For every connection on a smooth manifold there is a corresponding curvature tensor. Any diffeomorphism $\phi:(M,\nabla^M)\rightarrow(N,\nabla^N)$ which preserves the connection (in the sense of $\nabla^N_X{Y}=\phi_* \left( \nabla^{M}_{\phi^{-1}_*(X)} {\phi^{-1}_*(Y)} \right)$ ) preserves the curvature tensor.

My question is about the "reverse direction":

Does every diffeomorphism which preserves the curvature preserves the original connection behind it? I suspect the answer is negative but I could not come up with an example.


3 Answers 3


There are many different connections on the same manifold which share the same curvature tensor.

For example, take a connection $\nabla$. If $A$ is any global positive function $M\to R$, consider the connection $\tilde \nabla$ given by:

$$\tilde \nabla_X Y := \nabla_X Y + X(A)Y \;.$$

It is linear on both entries, and: $$\tilde \nabla_X (fY) = \nabla_X (fY) + X(A)\,fY = X(f) + f\tilde \nabla_X (Y), $$

so it is indeed a connection. Its curvature is given by: $$ \tilde R(X,Y)\,Z = [\tilde\nabla_X,\tilde\nabla_Y]\,Z - \tilde\nabla_{[X,Y]}Z. $$

If you insert the expression for $\tilde \nabla_X Y$, the terms in $A$ cancel out, giving you exactly the same curvature as $\nabla$.

  • $\begingroup$ why does the function $A$ needs to be positive? (I do not think it is required. Any real smooth function should be OK). $\endgroup$ Aug 26, 2015 at 15:11

Another approach would be to focus upon connections whose curvature tensor is trivial. For example, take $M=\mathbb{R}^n$ with $\nabla$ the Levi-Civita connection w.r.t Euclidean metric.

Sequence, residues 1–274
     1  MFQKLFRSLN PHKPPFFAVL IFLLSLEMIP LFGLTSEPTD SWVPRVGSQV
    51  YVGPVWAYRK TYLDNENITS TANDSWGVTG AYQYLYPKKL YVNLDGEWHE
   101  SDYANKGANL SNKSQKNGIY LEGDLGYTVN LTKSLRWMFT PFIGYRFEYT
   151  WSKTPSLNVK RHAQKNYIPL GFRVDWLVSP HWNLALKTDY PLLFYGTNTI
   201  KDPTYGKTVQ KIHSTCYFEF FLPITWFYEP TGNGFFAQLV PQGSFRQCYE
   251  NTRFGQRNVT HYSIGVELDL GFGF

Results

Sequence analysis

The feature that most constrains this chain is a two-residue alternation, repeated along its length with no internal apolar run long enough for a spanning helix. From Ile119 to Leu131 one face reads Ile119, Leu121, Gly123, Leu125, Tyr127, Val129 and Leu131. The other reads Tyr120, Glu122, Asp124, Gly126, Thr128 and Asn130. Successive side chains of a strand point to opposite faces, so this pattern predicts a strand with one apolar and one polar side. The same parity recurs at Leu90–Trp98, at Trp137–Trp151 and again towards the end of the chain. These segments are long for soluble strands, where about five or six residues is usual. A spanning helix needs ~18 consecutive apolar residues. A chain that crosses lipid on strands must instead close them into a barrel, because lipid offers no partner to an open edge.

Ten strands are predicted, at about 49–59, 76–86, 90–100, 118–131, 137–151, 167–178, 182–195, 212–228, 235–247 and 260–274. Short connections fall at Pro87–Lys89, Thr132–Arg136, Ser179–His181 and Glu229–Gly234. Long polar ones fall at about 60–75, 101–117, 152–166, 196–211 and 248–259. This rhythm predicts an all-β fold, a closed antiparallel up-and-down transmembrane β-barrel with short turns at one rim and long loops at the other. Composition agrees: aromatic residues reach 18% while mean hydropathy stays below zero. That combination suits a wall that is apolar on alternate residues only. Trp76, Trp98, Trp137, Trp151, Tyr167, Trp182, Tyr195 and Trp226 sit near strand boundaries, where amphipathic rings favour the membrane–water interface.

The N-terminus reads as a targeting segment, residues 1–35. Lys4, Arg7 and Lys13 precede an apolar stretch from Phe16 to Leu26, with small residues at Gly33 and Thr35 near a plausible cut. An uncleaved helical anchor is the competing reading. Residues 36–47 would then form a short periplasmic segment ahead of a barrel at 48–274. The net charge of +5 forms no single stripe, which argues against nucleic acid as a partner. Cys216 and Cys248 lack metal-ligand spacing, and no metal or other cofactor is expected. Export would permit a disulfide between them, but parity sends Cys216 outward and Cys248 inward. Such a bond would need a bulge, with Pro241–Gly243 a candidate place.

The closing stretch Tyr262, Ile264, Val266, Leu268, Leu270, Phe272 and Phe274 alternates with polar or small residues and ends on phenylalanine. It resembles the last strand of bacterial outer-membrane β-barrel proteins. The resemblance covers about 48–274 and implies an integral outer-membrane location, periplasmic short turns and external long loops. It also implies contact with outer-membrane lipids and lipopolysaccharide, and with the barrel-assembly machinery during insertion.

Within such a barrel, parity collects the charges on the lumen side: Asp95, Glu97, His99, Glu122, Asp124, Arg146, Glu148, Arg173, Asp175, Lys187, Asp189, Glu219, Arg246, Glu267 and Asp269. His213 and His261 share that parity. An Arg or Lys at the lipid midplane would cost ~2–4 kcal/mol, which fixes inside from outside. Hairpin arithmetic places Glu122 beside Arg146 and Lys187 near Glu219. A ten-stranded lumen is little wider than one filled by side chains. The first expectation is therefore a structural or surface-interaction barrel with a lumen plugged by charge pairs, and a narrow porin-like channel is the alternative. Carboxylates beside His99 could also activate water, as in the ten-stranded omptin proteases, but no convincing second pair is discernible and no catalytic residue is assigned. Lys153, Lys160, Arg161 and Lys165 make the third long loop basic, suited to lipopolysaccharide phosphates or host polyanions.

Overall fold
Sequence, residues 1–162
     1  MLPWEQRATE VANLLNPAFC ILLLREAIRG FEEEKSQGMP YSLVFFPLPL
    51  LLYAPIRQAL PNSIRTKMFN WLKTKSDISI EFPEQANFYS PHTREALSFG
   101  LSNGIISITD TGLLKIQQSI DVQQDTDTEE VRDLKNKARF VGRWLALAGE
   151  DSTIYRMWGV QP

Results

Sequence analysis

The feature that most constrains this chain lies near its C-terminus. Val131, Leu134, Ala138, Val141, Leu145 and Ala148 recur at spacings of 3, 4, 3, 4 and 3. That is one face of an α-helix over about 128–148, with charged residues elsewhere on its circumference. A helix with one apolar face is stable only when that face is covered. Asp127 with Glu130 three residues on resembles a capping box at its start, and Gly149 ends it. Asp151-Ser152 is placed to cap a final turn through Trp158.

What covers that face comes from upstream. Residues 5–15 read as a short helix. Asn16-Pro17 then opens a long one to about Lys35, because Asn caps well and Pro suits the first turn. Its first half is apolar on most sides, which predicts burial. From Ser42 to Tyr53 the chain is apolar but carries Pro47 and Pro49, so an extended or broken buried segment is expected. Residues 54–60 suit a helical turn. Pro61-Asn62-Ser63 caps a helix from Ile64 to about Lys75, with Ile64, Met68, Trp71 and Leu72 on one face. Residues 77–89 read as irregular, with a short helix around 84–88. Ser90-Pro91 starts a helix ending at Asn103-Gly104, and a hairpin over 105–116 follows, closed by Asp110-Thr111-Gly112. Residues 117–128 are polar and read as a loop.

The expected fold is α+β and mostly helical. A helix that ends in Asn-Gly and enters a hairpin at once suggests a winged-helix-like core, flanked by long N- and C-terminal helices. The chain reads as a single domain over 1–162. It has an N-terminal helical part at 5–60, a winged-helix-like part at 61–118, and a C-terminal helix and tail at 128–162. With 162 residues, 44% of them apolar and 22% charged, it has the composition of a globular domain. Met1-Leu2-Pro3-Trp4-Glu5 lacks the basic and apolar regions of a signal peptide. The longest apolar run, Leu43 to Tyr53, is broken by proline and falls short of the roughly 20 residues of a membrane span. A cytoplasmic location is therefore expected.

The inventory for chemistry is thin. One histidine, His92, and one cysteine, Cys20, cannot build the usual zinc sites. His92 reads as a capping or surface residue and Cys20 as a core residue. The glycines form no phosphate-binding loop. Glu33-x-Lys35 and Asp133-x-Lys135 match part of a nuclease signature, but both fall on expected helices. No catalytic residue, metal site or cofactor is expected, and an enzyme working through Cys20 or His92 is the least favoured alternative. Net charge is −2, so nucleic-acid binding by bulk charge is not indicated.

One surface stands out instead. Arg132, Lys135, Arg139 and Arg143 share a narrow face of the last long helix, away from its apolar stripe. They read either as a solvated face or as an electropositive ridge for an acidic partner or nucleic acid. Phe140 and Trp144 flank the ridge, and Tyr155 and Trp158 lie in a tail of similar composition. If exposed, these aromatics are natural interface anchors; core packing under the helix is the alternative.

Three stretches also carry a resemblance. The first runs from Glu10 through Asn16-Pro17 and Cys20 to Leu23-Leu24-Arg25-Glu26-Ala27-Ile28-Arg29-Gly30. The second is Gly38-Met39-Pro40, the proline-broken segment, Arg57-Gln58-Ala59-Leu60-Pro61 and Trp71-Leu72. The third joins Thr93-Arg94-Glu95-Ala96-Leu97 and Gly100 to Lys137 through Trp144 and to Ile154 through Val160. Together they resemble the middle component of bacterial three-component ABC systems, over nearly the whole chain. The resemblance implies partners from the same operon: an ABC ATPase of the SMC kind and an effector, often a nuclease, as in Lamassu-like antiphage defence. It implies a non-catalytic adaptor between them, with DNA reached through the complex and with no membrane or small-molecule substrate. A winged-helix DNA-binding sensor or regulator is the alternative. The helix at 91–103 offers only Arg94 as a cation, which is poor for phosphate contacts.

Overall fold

As I prove below, $Iso(\mathbb{R},\nabla)=E(n)$, the group of affine transformations. But $R(\nabla)=0$ so any diffeomorphism of $\mathbb{R}$ preserves it. Now, just choose some non-affine diffeomorphism of $\mathbb{R}$, and you are done.

(For a concrete example: $f(x)=2x+sin(x)$. $f$ is smooth, $f'(x) \ge 1$ so $f$ is strictly increasing, hence it is a a smooth bijection. Now by the inverse function theorem, it is actually a diffeomorphism).

Theorem: $Iso(\mathbb{R},\nabla)=E(n)$ the group off affine transformations. (where $\nabla$ is the Levi-Civita connection of the Euclidean metric).


Take $X=\frac{\partial}{\partial t},Y=g\frac{\partial}{\partial t}$ where $f,g \in C^\infty(\mathbb{R})$ and note that in general: $\phi_*(f \cdot X)=(f \circ \phi^{-1}) \cdot \phi_*(X)$

$ \nabla_{\phi_*X}({\phi_*Y})=\phi_* (\nabla_X Y) \iff \nabla_{\phi_*\frac{\partial}{\partial t}}({\phi_*[g\frac{\partial}{\partial t}}]) = \phi_* (\nabla_\frac{\partial}{\partial t} g\frac{\partial}{\partial t}) = \phi_* (g'(t)\frac{\partial}{\partial t})$

Now using the fact: $(\phi_*\frac{\partial}{\partial t}) = (\phi' \circ \phi^{-1}) \cdot \frac{\partial}{\partial t}$, we get:

$\iff \nabla_{(\phi' \circ \phi^{-1}) \cdot \frac{\partial}{\partial t}}({\phi_*[g\frac{\partial}{\partial t}}]) = \phi_* (g'(t)\frac{\partial}{\partial t}) \iff$

$ (\phi' \circ \phi^{-1}) \cdot \nabla_\frac{\partial}{\partial t} ({\phi_*[g\frac{\partial}{\partial t}}]) = (g' \circ \phi^{-1}) \cdot \phi_*\frac{\partial}{\partial t} \iff$

$ (\phi' \circ \phi^{-1}) \cdot \nabla_\frac{\partial}{\partial t} [(g \circ \phi^{-1})\cdot (\phi_*\frac{\partial}{\partial t})] = (g' \circ \phi^{-1}) \cdot \phi_*\frac{\partial}{\partial t} \iff$

$ (\phi' \circ \phi^{-1}) \cdot \nabla_\frac{\partial}{\partial t} [(g \circ \phi^{-1}) \cdot (\phi' \circ \phi^{-1}) \cdot \frac{\partial}{\partial t}] = (g' \circ \phi^{-1}) \cdot (\phi' \circ \phi^{-1}) \cdot \frac{\partial}{\partial t} \iff$

$\nabla_\frac{\partial}{\partial t} [\left( (g \cdot \phi' ) \circ \phi^{-1} \right) \frac{\partial}{\partial t} ] = (g' \circ \phi^{-1}) \cdot \frac{\partial}{\partial t} \iff$